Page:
Today in Music History (January 6): George Benson records "Breezin'"

January 6, 1976 – George Benson records Breezin’

In a recording career that has spanned six decades, George Benson has proven himself one of the most influential and versatile performers in popular music. But after fourteen albums that attracted almost exclusively a jazz audience, it was his January 6-8, 1976 recording of Breezin’ that turned him into one of the most important and influential artists in the world.

January 6, 1976 – George Benson records Breezin’

In a recording career that has spanned six decades, George Benson has proven himself one of the most influential and versatile performers in popular music. But after fourteen albums that attracted almost exclusively a jazz audience, it was his January 6-8, 1976 recording of Breezin’ that turned him into one of the most important and influential artists in the world.

Discovered at an early age by jazz great (and strong influence) Wes Montgomery, Benson served his apprenticeship with organist Jack McDuff, and was signed by Columbia in the early 60s. He recorded a handful of jazz-bop albums and began to develop a sizable following in the jazz world as one of the hot young stars of the genre. But unlike what Benson described as the "brainy" jazz that Miles Davis and others were emphasizing at that time, Benson's music celebrated the danceable jazz of the 40s as well as rhythm and blues, and was both more melodic and accessible than much of the jazz sounds emanating from other artists at that time.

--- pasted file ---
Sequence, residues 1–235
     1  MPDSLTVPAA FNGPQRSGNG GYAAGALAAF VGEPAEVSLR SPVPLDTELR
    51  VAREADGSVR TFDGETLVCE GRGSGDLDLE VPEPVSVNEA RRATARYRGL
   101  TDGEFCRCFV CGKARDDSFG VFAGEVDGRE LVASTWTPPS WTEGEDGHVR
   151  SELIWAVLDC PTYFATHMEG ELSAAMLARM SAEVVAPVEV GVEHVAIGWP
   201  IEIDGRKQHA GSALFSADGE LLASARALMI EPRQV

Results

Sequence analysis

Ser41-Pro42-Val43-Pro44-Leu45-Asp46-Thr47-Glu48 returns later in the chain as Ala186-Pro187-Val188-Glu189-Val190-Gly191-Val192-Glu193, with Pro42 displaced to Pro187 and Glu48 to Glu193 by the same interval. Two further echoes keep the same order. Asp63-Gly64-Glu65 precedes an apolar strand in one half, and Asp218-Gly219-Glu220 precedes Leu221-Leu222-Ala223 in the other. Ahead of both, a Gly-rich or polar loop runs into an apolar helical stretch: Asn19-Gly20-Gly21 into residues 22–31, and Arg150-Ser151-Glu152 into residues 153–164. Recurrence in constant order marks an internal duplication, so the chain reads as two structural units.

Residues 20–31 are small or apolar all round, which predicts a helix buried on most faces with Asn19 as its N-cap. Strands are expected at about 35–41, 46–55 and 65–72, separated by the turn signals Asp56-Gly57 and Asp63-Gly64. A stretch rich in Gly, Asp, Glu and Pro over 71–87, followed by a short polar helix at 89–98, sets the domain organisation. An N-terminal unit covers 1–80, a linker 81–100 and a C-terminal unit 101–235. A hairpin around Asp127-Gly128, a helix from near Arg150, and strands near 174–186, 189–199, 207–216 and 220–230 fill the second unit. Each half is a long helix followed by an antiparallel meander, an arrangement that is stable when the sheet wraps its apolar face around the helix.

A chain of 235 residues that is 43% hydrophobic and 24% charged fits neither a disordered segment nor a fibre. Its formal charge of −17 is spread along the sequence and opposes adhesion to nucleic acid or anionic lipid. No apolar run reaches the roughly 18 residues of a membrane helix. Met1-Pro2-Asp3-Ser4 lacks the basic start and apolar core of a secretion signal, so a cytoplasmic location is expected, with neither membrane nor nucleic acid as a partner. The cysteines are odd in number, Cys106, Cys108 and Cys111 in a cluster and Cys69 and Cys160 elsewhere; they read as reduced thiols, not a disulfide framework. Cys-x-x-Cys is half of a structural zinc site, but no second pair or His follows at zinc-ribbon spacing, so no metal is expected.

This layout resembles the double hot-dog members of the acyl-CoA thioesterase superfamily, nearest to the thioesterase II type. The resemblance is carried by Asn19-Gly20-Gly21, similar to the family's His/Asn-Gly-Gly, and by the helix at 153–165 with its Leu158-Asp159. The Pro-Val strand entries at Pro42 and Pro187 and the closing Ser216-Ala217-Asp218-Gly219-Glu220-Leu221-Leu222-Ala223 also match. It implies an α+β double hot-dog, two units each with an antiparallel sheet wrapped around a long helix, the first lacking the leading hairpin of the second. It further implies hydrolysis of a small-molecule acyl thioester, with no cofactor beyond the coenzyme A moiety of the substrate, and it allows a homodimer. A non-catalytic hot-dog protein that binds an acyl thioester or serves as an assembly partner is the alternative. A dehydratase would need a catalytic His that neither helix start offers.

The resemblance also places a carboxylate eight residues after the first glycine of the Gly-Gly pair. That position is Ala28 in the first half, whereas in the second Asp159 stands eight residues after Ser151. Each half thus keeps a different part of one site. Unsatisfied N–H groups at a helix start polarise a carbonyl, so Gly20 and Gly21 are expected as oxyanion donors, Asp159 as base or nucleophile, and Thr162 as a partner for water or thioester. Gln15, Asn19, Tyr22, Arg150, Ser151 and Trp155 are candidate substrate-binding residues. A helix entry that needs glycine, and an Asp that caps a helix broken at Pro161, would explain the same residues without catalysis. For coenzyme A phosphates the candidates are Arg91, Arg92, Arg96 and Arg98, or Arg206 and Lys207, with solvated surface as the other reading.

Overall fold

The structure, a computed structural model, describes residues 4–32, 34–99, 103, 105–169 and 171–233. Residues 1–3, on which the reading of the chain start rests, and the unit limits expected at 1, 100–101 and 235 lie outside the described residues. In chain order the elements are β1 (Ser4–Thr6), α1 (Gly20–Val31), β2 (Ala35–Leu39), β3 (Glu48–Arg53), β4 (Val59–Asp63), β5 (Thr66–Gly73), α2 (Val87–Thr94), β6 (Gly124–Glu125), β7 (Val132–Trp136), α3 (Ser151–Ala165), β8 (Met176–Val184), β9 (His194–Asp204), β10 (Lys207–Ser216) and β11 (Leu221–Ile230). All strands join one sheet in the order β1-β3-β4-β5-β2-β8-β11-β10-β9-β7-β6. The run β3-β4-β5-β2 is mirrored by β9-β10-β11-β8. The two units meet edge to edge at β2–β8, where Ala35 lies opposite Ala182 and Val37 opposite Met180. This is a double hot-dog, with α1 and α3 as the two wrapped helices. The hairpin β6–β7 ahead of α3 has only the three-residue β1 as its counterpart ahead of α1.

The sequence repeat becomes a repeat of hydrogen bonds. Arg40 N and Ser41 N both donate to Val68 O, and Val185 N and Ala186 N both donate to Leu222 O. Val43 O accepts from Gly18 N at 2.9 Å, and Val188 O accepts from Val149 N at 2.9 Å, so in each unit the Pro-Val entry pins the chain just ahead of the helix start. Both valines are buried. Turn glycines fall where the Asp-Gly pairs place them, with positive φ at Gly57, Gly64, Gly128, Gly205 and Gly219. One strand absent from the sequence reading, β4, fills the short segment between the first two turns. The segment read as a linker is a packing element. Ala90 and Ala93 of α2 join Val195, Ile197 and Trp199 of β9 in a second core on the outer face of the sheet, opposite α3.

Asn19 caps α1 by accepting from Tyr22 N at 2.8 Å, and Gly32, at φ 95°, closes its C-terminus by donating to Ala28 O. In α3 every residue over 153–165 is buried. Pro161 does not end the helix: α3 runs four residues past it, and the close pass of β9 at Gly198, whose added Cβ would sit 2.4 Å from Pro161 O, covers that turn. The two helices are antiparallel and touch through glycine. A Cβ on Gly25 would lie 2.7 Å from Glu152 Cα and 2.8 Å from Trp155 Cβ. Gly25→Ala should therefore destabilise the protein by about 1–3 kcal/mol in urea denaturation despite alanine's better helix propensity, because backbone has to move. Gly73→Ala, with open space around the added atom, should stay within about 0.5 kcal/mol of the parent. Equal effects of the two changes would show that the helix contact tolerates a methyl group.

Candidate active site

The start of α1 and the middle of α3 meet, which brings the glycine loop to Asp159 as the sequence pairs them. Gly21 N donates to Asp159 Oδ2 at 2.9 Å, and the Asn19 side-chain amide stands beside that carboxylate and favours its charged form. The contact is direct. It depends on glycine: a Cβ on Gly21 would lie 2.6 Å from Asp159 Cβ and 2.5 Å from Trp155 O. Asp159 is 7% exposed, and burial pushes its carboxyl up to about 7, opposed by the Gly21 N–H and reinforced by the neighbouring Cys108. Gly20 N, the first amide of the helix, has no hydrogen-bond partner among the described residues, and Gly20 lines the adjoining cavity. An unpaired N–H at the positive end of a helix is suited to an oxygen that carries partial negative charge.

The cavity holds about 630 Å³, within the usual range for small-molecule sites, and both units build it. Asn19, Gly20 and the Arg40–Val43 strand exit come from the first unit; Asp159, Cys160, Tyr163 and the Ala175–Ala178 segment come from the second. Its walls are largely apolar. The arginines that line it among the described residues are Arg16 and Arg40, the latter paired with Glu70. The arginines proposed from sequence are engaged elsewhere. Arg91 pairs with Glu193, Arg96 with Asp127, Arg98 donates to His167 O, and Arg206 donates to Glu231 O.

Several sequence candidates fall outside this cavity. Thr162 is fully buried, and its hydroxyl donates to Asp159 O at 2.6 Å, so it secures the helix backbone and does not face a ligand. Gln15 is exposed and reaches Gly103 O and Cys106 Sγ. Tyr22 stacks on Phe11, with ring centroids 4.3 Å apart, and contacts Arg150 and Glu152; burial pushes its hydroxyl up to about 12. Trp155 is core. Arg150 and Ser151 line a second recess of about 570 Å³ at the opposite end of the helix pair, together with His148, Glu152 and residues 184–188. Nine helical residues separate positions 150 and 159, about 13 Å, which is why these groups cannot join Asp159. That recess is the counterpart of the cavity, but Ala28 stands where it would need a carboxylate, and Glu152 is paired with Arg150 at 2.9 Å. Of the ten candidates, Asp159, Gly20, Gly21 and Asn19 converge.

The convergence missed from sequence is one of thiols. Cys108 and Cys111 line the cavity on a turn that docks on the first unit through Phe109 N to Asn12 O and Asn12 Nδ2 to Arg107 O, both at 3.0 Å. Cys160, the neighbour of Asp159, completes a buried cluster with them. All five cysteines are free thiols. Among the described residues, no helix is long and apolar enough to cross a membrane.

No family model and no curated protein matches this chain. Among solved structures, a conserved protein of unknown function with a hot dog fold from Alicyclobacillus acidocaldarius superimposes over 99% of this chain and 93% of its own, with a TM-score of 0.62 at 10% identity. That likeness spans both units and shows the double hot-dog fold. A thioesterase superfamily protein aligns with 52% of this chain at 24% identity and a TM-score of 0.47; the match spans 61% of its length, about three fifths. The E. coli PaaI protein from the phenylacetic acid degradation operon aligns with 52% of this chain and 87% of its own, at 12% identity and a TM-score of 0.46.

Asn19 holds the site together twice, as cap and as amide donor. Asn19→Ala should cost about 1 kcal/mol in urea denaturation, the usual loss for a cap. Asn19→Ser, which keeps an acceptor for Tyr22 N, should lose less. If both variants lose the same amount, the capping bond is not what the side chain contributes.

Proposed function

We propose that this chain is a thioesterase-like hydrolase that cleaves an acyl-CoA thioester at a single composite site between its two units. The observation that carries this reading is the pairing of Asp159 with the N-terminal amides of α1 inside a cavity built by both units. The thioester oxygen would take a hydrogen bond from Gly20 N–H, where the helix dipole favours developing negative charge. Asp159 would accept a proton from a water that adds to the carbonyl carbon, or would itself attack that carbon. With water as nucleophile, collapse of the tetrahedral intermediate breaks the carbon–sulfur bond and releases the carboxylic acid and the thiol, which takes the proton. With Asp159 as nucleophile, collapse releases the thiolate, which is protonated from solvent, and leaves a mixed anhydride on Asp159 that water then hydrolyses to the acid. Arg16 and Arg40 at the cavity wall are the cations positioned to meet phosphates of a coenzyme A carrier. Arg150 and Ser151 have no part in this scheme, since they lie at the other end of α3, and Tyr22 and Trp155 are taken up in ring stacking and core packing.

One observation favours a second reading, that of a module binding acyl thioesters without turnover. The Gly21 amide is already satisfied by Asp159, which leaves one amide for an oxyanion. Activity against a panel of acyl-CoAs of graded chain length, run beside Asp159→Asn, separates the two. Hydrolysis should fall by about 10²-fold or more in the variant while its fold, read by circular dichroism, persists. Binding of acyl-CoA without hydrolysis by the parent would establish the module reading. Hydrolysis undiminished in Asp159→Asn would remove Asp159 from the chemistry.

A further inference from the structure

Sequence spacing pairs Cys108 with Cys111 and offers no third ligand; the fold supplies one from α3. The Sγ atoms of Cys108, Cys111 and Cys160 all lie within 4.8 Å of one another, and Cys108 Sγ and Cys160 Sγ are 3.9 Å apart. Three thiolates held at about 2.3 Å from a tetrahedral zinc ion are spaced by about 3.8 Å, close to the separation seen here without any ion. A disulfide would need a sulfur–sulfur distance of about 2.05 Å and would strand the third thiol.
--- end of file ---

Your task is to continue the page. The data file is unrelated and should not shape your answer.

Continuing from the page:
He continued his development on Creed Taylor's CTI label in the early 70s, but felt stifled in his desire to include more of an R&B band sound to his music. He then signed with Warner Brothers in 1976 and teamed with producer Tommy LiPuma, a move that would change both his career and the sound of jazz over the next 40 years. Their first collaboration was Breezin, a terrific blend of Soul and Jazz that took off like a rocket, fueled by Benson’s smooth cover of Leon Russell's "This Masquerade" (which won the 1976 Grammy for Record of the Year). Breezin' was a multi-million selling smash (unheard of for a jazz record), and introduced the world to a fusion of R&B and jazz that countless artists would eventually incorporate. In fact, the entire Smooth Jazz and Contemporary Jazz formats, now popular around the world, owe more to Breezin' than to any other album.

Breezin’ began a ride at the top for Benson that has continued to this day. And it still sounds great.

By Chris Rizik

 

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